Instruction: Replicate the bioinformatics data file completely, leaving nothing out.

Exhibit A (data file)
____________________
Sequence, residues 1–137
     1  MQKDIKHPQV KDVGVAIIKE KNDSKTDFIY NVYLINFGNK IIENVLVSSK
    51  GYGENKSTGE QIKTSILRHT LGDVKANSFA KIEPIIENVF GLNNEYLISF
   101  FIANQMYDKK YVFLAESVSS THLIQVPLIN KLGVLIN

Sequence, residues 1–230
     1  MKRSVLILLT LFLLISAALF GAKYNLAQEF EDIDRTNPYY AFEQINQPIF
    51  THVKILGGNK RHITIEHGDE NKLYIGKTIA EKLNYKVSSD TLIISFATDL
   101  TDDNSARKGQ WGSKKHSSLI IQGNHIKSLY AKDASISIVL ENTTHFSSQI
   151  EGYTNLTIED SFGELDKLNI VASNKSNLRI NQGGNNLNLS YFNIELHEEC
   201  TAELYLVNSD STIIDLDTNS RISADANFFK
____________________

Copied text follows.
Sequence, residues 1–137
     1  MQKDIKHPQV KDVGVAIIKE KNDSKTDFIY NVYLINFGNK IIENVLVSSK
    51  GYGENKSTGE QIKTSILRHT LGDVKANSFA KIEPIIENVF GLNNEYLISF
   101  FIANQMYDKK YVFLAESVSS THLIQVPLIN KLGVLIN

Sequence, residues 1–230
     1  MKRSVLILLT LFLLISAALF GAKYNLAQEF EDIDRTNPYY AFEQINQPIF
    51  THVKILGGNK RHITIEHGDE NKLYIGKTIA EKLNYKVSSD TLIISFATDL
   101  TDDNSARKGQ WGSKKHSSLI IQGNHIKSLY AKDASISIVL ENTTHFSSQI
   151  EGYTNLTIED SFGELDKLNI VASNKSNLRI NQGGNNLNLS YFNIELHEEC
   201  TAELYLVNSD STIIDLDTNS RISADANFFK